The Earth’s distance to the moon is between 360,000km and 405,000km (224,000 to 252,000 miles). It is the nearest celestial body to our planet, so it doesn’t take too long to travel there from Earth. How long does it take to get to the moon?
Normally, a spacecraft takes three days to get to the moon. This is the average time since there have been cases where travel has been shorter and longer.
Read on to find out more about how long it takes to get to the moon from Earth and about the spacecraft and probes that have made it to the moon’s orbit.
How Long Does It Take to Get to the Moon?
On average, it takes three days to get to the moon from Earth. Spacecraft travels about 240,000 miles (386,400 kilometers) which is the distance between Earth and the Moon. The duration of time to get to the moon is dependent on various factors such as:
- The exact distance to the moon, and
- Whether it’s a manned or crewless aircraft.
Some moon voyages are faster, and some are longer, but the average is 3 days.
How long does it take to get to the moon and back? With Apollo 11 as a basis, it’ll probably take about eight days to get to the moon and back.
Factors Affecting How Long It Will Take to Get to the Moon
Spacecraft and the System
Travel to the moon can depend on the spacecraft and the system that will launch it towards space.
A solid example is the satellite Luna 1, which USSR launched in the year 1959.
This was a crewless flight and was the very first spacecraft that went to the moon. It took a short 34 to 36 hours to get to the moon with a speed of 6500mph or 10,460 km/h.
The European Space Agency launched SMART-1. This was in 2003, and the spacecraft had a unique propulsion system. Moreover, the European Space Agency created SMART-1 to test the efficiency of a xenon-ion engine.
Thus, SMART-1 test gravity assist maneuvers and spiraled around the Earth for fourteen months.
So it technically reached the moon after 14 months of orbit. With its mission done, it crashed into the moon, and telescopes from the Earth observed its crash. SMART-1 may have been slow, but it has shown to be the most fuel-efficient travel to the moon.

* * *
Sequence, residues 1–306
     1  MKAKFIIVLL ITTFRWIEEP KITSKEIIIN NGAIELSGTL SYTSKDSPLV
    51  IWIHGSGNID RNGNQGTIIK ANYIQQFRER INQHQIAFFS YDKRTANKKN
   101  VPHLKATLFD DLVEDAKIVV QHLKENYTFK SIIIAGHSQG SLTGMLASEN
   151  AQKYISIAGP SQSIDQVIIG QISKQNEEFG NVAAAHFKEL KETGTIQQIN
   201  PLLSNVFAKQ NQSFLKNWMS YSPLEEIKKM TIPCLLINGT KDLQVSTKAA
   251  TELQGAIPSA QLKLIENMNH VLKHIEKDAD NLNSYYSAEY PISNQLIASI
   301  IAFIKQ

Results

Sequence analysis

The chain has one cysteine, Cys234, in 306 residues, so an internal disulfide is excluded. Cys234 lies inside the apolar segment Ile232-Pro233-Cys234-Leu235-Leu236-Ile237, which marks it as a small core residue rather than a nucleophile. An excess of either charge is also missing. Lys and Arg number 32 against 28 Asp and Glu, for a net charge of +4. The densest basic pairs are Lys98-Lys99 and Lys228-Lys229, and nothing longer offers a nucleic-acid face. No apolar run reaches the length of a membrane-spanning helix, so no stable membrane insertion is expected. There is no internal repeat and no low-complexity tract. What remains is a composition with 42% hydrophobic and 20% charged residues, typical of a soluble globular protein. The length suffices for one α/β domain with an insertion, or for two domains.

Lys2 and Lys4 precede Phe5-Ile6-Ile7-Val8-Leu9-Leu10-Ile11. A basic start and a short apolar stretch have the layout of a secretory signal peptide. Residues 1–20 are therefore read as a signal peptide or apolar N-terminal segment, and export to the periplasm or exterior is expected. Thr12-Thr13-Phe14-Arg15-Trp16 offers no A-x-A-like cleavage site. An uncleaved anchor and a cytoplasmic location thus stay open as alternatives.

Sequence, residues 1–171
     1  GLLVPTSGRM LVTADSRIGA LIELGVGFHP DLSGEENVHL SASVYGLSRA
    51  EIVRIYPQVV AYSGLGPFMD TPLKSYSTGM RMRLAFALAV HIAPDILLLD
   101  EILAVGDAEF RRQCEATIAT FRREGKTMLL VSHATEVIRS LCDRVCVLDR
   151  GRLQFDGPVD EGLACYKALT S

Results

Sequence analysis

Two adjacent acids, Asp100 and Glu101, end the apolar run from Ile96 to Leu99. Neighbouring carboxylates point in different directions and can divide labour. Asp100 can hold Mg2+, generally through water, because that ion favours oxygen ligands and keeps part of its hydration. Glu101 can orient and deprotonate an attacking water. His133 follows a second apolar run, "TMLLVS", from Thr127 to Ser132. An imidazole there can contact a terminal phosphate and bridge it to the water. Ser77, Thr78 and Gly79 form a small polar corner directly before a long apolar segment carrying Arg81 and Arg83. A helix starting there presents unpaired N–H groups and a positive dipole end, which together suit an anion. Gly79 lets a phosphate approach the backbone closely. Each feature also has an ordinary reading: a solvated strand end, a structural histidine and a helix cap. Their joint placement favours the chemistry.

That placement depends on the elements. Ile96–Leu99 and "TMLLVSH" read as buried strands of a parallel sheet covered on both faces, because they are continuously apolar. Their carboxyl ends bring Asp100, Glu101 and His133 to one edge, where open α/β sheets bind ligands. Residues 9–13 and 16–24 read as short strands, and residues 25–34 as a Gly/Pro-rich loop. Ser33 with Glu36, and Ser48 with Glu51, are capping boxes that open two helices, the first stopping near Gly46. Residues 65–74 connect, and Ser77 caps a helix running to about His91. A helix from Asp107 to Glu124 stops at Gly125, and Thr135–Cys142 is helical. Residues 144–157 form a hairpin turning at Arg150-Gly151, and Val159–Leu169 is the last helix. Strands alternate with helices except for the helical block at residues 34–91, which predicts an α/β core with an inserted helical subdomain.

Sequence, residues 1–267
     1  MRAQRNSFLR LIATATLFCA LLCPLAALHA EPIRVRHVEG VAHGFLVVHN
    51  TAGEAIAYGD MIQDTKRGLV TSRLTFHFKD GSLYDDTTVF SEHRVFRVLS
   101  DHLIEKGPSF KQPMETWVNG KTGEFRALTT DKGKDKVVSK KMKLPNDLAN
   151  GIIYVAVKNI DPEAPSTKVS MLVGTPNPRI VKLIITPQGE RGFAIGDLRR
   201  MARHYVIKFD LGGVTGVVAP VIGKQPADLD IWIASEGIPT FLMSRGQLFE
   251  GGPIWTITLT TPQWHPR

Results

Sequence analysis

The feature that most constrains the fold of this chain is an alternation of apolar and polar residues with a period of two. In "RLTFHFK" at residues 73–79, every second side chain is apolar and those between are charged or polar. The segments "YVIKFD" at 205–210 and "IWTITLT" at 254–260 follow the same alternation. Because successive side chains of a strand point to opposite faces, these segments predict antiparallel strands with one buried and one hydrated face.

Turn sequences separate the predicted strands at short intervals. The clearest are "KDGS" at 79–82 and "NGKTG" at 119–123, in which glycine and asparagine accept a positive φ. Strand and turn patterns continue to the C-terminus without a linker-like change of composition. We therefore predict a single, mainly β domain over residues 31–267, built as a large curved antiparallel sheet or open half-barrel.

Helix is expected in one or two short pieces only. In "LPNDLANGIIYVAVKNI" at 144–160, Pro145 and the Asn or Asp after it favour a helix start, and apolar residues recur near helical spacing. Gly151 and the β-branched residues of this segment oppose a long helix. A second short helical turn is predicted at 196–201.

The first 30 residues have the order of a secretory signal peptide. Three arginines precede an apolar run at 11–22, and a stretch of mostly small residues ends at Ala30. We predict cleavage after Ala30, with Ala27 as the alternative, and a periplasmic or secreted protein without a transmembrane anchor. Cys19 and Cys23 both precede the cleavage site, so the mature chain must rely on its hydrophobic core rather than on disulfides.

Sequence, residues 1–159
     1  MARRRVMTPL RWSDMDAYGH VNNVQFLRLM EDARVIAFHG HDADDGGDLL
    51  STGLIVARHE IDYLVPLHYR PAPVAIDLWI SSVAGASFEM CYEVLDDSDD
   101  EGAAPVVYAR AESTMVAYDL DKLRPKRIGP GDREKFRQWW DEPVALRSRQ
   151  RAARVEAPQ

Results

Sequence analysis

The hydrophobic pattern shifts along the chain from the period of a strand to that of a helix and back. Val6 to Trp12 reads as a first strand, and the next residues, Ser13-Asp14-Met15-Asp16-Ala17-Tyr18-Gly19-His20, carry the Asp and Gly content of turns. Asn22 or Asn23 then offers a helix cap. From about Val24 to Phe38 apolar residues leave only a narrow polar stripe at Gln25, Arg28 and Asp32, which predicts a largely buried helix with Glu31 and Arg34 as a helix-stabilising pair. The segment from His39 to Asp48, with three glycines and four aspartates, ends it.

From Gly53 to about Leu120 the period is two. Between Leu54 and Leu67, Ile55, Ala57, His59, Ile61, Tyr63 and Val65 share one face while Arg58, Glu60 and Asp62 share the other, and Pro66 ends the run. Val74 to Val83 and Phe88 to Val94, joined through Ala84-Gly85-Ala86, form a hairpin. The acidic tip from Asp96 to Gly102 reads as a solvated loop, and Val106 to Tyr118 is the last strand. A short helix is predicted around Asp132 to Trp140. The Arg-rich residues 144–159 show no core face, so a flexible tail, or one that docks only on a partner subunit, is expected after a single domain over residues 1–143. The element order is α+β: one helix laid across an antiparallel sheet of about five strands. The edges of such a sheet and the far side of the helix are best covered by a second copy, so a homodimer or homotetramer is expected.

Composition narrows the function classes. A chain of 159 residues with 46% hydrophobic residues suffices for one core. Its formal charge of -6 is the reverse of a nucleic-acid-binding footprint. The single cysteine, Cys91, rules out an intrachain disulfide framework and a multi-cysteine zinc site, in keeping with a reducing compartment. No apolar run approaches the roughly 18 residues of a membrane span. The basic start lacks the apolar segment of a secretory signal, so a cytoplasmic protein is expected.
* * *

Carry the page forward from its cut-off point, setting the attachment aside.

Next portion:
Manned Mission or Not
Manned missions to the moon take about 3 days to get to the moon. The most well-known manned spacecraft trip to the moon was the Apollo 11, on July 16, 1969.
As you probably know, Neil Armstrong and Buzz Aldrin were the first two people to walk on the moon. Apollo 11 carried them back to Earth on July 24.
Today, crewless missions are greater because they are much easier to send to the moon. Moreover, the robots do not need to come back like people need to.
How long to get to the moon? On average, to get to the moon, you have to travel for about three days. But this depends on the spacecraft, fuel, and more.
Unmanned Moon Missions
We have always been fascinated by the moon. There’s something uniquely mysterious about this cratered celestial body that enchants humankind.
Humans invented telescopes to study the moon from afar, and then, finally, in the middle of the 20th century, humans were able to reach the moon and see its surface up close:
1. Luna 1
The US and the Soviet Union were the first two nations to organize voyages to the moon. In January 1959, the Soviet Union made a huge success when Luna 1 became the 1st spacecraft to defy Earth’s gravity and fly 4,000 miles from the moon’s surface.
This success solidified other plans for missions to the moon because it became clear that it could be done.
2. Luna 2
In fact, later that year, the Soviets relaunched Luna 2. Then, Luna 2 became famous as the 1st spacecraft to touch the moon. Luna 2 crashed in the Mare Imbrium Basin on the moon.